Robinson—The Other Island

Devised by the company (after Daniel Defoe and Michel Tournier)
Give It A Name
Seligman Studio, Chapter, Cardiff

John Rowley Credit: Jorge Lizalde
Luciana Trapman Credit: Jorge Lizalde
Luciana Trapman and John Rowley Credit: Jorge Lizalde

I suspect that I’m not the only person of a certain age who has convinced themselves that they have read Daniel Defoe’s Robinson Crusoe (which has a claim to be the first novel published in English) when, in reality, our memories are of the Franco-German television series which was seemingly on permanent rotation during the summer holidays of our childhood.

It is evident that, however we have absorbed it, this fact-based tale of shipwreck and survival is sufficiently secure in the public consciousness to stand any number of retellings in various styles and genres. This take on the tale, by Give It A Name, is determinedly experimental, incorporating elements from Michel Tournier’s 1967 novel Friday, or The Other Island.

It also utilises technology to attempt to give the audience an experience which simulates the currently voguish concept of ASMR (autonomous sensory meridian response), whose adherents report extremely pleasurable tingling sensations when they are exposed to relatively mundane stimuli.

Thus, as we enter the studio space, each audience member is provided with a set of headphones. We are seated on either side of a playing area dominated by platform covered in green baize (set design by Ben Pacey), which represents the living-space of a young woman, Luciana Trapman’s Bianca, who is clad in tracksuit bottoms and a hoodie, but clearly has no intention of leaving her flat.

Instead, she is engrossed in Defoe’s novel, reading it aloud to herself, her voice and other mouth noises (e.g. eating a ready meal), gentle in our ears. Around her, Crusoe himself, played by John Rowley, is struggling to survive on his new island home, building a shelter, retrieving items from his recently sunk vessel, seeking sustenance etc.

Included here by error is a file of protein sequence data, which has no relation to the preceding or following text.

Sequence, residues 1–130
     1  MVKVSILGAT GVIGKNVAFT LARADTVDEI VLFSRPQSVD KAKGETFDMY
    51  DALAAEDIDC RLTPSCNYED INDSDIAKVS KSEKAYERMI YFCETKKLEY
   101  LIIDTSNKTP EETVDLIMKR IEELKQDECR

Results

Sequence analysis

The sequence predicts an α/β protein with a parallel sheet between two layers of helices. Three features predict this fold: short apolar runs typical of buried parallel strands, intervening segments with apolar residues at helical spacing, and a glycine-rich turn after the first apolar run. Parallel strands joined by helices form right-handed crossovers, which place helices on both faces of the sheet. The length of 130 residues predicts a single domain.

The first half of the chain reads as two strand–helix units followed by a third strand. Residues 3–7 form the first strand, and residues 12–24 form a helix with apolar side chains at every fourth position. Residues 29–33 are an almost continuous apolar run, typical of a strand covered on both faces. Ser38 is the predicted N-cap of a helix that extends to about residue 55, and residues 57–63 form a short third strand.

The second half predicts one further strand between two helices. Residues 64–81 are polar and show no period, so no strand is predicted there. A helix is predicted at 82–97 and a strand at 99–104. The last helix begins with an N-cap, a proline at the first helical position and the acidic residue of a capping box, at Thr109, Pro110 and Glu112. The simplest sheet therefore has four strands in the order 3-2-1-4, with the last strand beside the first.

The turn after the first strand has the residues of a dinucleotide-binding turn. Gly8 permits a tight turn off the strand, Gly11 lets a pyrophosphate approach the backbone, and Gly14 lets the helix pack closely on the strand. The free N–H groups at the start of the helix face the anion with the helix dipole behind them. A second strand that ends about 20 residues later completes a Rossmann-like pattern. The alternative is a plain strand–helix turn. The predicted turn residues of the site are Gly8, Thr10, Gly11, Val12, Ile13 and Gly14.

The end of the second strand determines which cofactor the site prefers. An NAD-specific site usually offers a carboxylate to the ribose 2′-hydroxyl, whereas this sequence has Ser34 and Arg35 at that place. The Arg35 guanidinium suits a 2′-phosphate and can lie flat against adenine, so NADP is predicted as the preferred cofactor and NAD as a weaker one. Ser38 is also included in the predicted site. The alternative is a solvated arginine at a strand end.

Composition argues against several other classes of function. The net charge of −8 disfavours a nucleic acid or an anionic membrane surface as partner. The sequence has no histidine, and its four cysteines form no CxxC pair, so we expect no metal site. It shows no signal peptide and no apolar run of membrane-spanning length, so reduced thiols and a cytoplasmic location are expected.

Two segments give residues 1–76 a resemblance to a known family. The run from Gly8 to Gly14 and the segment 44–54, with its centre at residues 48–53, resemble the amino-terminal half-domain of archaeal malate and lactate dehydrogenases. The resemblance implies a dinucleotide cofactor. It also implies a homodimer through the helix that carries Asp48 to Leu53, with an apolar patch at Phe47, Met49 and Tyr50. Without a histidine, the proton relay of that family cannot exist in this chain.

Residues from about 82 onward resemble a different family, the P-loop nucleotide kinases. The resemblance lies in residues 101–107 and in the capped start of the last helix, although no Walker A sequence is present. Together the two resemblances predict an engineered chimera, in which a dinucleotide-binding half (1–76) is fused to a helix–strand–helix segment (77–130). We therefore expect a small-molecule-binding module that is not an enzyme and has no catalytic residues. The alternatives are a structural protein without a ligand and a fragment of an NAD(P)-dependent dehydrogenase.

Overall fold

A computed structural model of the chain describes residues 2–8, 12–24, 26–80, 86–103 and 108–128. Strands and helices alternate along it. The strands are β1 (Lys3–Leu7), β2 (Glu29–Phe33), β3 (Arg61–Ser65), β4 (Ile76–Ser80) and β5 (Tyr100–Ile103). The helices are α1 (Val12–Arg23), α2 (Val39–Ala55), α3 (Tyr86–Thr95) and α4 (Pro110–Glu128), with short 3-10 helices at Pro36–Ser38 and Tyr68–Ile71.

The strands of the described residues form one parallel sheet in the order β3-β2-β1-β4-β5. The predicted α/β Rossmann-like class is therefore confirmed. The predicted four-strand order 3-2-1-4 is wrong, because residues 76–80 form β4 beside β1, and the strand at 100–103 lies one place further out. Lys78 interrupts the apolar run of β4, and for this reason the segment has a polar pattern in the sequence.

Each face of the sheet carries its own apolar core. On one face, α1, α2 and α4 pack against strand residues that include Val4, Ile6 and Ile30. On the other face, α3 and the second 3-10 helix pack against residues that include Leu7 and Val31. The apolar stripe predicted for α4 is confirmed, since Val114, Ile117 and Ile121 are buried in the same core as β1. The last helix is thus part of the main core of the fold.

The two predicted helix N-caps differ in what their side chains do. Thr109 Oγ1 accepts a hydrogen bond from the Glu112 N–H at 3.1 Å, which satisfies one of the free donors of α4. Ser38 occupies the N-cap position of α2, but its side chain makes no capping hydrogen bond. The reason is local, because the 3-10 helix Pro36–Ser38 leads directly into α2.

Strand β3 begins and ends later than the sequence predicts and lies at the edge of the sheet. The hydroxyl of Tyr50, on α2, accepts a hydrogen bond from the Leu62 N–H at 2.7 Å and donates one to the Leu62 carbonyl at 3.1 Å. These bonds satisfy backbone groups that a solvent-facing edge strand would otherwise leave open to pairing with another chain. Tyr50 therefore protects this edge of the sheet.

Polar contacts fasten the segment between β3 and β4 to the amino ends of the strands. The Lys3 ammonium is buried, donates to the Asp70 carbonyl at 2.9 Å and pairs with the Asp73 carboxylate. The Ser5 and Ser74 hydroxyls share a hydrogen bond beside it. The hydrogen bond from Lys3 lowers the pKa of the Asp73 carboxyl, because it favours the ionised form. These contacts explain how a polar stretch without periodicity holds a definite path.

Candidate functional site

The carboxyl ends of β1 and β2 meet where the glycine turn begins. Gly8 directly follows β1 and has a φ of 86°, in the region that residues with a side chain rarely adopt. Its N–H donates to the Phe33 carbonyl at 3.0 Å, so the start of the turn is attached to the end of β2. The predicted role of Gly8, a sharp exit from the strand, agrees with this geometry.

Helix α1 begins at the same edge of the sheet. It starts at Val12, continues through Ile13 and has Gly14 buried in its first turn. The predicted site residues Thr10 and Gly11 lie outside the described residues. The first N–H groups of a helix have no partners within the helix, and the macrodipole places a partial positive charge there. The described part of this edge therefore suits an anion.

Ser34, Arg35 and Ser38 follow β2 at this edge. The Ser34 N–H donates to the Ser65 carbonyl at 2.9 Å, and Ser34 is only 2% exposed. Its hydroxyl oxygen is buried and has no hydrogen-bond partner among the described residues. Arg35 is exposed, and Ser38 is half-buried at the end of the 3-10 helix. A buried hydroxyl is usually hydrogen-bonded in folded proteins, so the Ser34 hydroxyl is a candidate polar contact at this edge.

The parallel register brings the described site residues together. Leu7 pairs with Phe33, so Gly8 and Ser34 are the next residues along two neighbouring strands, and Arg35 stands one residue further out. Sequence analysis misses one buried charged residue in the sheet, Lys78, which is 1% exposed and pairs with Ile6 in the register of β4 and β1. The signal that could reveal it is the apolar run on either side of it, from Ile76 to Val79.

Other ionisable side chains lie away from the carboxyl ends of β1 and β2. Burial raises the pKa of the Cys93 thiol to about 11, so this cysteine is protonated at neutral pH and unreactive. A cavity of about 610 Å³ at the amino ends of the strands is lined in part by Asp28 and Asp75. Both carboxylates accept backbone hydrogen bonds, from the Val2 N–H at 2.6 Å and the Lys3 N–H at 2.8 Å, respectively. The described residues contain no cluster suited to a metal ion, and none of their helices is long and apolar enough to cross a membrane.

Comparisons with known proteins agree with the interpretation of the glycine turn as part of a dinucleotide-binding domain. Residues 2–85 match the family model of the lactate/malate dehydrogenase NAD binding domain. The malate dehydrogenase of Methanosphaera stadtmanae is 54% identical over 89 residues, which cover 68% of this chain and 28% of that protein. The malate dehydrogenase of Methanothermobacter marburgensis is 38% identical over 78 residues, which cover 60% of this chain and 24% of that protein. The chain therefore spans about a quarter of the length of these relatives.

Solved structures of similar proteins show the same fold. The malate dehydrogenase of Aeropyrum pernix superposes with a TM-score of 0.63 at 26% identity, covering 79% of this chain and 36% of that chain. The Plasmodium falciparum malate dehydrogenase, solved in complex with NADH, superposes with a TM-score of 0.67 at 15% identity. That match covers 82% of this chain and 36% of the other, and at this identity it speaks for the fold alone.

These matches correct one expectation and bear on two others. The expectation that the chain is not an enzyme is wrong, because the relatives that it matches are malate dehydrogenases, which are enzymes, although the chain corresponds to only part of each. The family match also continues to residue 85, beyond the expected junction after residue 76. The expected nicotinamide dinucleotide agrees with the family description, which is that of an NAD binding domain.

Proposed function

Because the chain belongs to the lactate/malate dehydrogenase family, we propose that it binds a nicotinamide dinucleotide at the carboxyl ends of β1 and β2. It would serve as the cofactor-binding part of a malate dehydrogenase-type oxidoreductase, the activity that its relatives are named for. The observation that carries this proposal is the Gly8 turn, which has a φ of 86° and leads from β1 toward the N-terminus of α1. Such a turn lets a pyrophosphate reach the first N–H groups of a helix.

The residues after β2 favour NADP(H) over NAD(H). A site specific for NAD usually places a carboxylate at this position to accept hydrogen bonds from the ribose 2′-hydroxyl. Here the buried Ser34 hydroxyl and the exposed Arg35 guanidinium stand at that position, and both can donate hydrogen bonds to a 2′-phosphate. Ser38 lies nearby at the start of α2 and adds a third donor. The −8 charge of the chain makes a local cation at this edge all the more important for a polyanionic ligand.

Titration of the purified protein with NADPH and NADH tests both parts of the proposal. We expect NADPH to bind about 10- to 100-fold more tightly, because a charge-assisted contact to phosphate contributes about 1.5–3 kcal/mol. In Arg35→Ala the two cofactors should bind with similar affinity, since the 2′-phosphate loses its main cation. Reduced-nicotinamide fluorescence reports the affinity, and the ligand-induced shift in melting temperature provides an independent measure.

Bianca seems isolated, communicating by phone only with her affectionate but distant father; although her solitude seems to be more voluntary than that suffered by the island-bound Crusoe, who is shown to be slowly losing his reason—the discovery of a strange footprint seems, in this interpretation of the story, to be a dead end.

The heroine’s identification with Crusoe hits a stumbling-block when the protagonist of the novel starts to speak of his former participation in the slave trade. She seeks a fantastical revenge, but is soon apparently at one with him once more, as she seeks to make her flat a home—the ASMR-friendly activities of watering plants and kneading dough providing some comfort.

Mathilde Lopez’s direction is a little more stylistically subdued than is usual for her, although chaos does intervene at intervals, as members of a book group, embedded within the audience, crowd into the performance area, sharing their thoughts on the novel. The not-quite-interaction between Trapman’s spiky Bianca and Rowley’s increasingly unhinged Crusoe is cleverly handled.

The sound design by Jack Drewry and the company’s artistic director John Norton certainly enhances the immersive nature of the piece, incorporating music as well as physiological and ambient noise, although to the ASMR non–devotee the effect is unsettling rather than stimulating, which is probably more appropriate.

Towards the end of the hour-long experience, the text (presumably courtesy of Tournier) enters some strange sexual territory; and the piece ends on a note of uneasy harmony between the two protagonists in their separate universes.

Robinson gives us a sustained mood rather than a coherent narrative, and it is frequently baffling. It is never boring, however, and its insights into the deleterious effects of loneliness and the seductive experience of finding meaning in other people’s unhappy stories mean that it lingers, if not entirely comfortably, in the memory.

Reviewer: Othniel Smith

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